U.S. West Texas Intermediate and international-benchmark Brent crude oil futures are inching higher on Friday, but the markets remain in a tight range for a third session after posting a more than 10% gain on Monday and a 5% drop on Tuesday. Nonetheless, crude oil is still in a position to finish about 6% higher for the week on the back of elevated tensions in the Middle East, following the September 14 attack on Saudi Arabian oil production facilities.
The gains this week are the risk premium traders have placed on the market just in case the Saudis can’t repair their oil production facilities in a timely manner.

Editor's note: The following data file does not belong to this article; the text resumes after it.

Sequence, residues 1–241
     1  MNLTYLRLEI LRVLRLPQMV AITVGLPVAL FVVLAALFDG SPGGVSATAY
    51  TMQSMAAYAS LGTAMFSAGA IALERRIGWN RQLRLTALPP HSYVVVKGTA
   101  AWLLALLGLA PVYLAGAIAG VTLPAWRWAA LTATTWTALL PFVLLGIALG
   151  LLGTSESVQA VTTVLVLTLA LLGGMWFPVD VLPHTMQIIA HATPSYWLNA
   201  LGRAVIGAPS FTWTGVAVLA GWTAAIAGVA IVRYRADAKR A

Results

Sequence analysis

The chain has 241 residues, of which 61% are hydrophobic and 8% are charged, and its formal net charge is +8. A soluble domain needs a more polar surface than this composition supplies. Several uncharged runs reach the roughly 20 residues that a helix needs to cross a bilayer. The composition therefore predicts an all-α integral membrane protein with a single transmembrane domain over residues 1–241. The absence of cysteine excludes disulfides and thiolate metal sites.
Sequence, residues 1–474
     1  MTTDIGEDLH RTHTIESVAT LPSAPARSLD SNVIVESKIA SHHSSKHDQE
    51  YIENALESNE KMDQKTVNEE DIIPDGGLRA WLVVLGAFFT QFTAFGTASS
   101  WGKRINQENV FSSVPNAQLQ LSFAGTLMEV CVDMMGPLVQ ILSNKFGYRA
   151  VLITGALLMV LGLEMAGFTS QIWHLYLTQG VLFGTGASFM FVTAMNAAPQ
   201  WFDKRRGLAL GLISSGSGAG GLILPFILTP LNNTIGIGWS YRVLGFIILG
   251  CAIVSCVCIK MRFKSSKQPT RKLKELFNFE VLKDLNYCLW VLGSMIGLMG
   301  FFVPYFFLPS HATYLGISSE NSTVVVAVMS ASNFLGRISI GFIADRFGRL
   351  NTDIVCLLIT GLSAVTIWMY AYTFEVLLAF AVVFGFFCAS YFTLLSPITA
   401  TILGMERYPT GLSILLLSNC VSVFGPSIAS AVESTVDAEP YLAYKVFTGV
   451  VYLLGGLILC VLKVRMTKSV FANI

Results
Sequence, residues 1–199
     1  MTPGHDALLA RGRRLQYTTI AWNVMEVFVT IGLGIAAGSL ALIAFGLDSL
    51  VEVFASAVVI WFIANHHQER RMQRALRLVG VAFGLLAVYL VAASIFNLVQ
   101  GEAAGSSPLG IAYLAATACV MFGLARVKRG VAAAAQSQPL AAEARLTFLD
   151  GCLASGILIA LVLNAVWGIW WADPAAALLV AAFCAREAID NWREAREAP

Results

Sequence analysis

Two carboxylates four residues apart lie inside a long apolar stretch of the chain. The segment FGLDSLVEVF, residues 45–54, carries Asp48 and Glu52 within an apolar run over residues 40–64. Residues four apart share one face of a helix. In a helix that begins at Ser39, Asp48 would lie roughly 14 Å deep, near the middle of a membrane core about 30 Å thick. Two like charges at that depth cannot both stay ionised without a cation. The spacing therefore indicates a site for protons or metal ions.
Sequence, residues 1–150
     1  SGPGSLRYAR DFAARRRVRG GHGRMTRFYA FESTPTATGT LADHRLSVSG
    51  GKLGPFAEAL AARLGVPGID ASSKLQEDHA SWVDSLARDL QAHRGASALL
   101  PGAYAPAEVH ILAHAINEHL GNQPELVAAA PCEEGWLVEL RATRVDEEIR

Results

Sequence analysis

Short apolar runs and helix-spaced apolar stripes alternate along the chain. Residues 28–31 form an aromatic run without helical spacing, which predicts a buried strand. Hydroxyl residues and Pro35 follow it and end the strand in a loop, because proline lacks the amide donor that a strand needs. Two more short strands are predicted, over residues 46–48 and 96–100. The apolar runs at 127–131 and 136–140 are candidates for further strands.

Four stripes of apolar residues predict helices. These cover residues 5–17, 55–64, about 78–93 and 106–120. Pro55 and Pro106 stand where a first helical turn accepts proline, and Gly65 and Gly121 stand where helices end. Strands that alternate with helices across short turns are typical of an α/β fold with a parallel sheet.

Short-term, U.S. crude investors should probably assume that oil will stabilize in the $57.73 to $59.29 per barrel range and Brent in the $62.00 to $63.21 range with risk skewed to the upside. At this time, most traders agree that the central message from the attacks is the vulnerability of Saudi infrastructure. This is another reason for the placing of a risk premium.
Trading conditions have calmed considerably since last Sunday’s gap-higher opening and follow-through spike to the upside. However, the subsequent price action suggests that much of that move was fueled by short-covering and buy stops with very few speculators chasing prices higher. Since that initial move took place, the main concern for traders hasn’t been how much oil was lost due to the attacks, but whether Saudi Arabia will be able to…